The Operations Report Card

A. Public Facing Practices

1. Are user requests tracked via a ticket system?
2. Are "the 3 empowering policies" defined and published?
3. Does the team record monthly metrics?

B. Modern Team Practices

4. Do you have a "policy and procedure" wiki?
5. Do you have a password safe?
6. Is your team's code kept in a source code control system?
7. Does your team use a bug-tracking system for their own code?
8. In your bugs/tickets, does stability have a higher priority than new features?
9. Does your team write "design docs?"
10. Do you have a "post-mortem" process?

C. Operational Practices

11. Does each service have an OpsDoc?
12. Does each service have appropriate monitoring?
13. Do you have a pager rotation schedule?
14. Do you have separate development, QA, and production systems?
15. Do roll-outs to many machines have a "canary process?"

D. Automation Practices

16. Do you use configuration management tools like cfengine/puppet/chef?
17. Do automated administration tasks run under role accounts?
18. Do automated processes that generate e-mail only do so when they have something to say?

E. Fleet Management Processes

19. Is there a database of all machines?
20. Is OS installation automated?
21. Can you automatically patch software across your entire fleet?
22. Do you have a PC refresh policy?

F. Disaster Preparation Practices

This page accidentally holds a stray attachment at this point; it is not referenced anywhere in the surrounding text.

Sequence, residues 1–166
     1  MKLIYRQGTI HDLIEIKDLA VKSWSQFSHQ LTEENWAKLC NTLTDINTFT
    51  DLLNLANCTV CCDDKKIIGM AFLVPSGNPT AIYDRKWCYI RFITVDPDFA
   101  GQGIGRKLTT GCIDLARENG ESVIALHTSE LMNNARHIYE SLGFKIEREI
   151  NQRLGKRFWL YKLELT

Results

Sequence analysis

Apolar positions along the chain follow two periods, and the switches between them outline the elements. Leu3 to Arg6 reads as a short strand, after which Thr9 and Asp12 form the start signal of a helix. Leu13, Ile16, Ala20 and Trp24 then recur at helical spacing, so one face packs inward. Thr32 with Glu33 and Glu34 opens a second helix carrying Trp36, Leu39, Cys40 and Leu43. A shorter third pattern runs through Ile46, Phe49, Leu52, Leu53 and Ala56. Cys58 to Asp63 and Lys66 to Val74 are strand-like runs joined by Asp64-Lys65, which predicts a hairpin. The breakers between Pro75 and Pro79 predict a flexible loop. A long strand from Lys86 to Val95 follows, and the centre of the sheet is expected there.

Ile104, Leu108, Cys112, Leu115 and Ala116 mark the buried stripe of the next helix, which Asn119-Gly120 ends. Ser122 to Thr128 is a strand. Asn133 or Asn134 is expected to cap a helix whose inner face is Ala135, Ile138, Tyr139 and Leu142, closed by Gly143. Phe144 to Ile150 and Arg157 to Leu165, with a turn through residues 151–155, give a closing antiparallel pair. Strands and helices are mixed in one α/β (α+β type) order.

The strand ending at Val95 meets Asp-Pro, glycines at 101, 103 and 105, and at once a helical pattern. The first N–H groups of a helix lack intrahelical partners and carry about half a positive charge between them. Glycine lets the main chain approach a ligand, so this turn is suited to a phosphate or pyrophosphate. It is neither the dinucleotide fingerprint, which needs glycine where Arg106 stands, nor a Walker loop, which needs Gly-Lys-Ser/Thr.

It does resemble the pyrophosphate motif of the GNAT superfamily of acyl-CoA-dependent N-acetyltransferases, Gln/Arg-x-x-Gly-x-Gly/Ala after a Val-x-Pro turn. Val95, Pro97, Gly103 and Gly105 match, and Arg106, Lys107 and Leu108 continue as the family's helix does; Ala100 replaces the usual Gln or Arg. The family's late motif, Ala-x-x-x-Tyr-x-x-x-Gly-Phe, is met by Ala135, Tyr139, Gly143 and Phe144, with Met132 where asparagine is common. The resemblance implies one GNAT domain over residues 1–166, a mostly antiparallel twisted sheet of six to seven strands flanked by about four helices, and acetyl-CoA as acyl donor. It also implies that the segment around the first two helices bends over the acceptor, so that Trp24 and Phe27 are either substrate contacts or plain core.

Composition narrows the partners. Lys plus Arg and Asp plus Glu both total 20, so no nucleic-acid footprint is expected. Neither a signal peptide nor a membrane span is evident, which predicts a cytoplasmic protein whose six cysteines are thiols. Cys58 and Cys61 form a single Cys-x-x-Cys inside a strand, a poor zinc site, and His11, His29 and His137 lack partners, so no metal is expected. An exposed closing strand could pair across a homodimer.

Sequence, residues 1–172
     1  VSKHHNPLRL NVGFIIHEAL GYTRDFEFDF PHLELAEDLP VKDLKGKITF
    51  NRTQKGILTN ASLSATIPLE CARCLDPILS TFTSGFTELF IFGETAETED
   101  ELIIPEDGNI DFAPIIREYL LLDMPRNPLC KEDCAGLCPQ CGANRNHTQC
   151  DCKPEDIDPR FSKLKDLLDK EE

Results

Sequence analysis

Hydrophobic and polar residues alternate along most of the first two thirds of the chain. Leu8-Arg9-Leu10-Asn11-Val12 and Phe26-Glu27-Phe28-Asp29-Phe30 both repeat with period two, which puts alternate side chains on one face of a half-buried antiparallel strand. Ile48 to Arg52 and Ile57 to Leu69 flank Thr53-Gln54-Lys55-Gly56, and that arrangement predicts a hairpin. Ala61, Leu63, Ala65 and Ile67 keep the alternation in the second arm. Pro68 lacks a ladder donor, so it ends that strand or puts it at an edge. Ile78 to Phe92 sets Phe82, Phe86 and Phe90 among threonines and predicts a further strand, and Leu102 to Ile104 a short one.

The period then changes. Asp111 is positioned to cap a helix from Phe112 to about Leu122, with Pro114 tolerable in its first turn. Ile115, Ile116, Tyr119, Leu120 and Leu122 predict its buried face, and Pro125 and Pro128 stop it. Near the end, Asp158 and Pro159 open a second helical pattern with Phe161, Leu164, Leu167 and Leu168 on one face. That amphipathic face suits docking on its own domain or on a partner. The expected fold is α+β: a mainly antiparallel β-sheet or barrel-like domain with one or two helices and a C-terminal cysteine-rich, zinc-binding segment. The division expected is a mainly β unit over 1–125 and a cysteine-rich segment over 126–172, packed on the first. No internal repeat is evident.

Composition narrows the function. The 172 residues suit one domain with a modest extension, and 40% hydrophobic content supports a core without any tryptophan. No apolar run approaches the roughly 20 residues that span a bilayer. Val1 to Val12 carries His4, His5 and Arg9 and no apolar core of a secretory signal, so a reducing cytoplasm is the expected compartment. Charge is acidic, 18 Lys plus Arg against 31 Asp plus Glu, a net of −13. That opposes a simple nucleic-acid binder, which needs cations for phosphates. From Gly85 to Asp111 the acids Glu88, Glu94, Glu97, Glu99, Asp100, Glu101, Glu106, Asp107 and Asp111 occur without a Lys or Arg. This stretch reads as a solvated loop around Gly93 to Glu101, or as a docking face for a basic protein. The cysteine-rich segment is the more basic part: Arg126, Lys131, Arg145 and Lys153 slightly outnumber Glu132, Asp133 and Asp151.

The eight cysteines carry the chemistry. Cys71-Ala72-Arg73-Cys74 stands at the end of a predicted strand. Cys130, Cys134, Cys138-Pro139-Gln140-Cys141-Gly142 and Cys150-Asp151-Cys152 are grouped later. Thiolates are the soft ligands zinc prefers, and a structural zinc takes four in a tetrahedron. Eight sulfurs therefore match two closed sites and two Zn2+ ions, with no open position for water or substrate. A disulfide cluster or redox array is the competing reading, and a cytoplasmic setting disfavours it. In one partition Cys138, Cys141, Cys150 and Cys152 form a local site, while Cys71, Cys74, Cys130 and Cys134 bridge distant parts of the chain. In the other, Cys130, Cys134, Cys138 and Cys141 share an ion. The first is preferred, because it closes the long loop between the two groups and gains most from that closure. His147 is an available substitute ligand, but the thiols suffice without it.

23. Can your servers keep operating even if 1 disk dies?
24. Is the network core N+1?
25. Are your backups automated?
26. Are your disaster recovery plans tested periodically?
27. Do machines in your data center have remote power / console access?

G. Security Practices

28. Do Desktops, laptops, and servers run self-updating, silent, anti-malware software?
29. Do you have a written security policy?
30. Do you submit to periodic security audits?
31. Can a user's account be disabled on all systems in 1 hour?
32. Can you change all privileged (root) passwords in 1 hour?

21. Can you automatically patch software across your entire fleet?

If OS installation is automated then all machines start out the same. If patching is automated then all machines stay current. Consistency is a good thing.

Security updates are very important because the reliability of your systems requires them. Non-security related updates are important because the reliability of your system requires them and because it brings new features to your customers. Withholding new patches is like a parent withholding love. Who raised you?

Application patching is just as critical as patching OSs. Users don't make the distinction between "OS" and "application", especially if an application is installed widely. The bad guys that write malware don't make a distinction either.

I wish banks had to publish their patching process so I could decide where to keep my money.

The alternative to automation is visiting each machine one at a time. This annoys users, wastes their time, and it a stupid use of your time. With the proliferation of laptops it isn't even reasonable to think you can visit every machine.

When possible, updates should happen silently. If they require a reboot or other interruptions, users should have the ability to delay the update. However, there should be a limit; maybe 2 weeks. However the deadline should be adjustable so that emergency security fixes can happen sooner.

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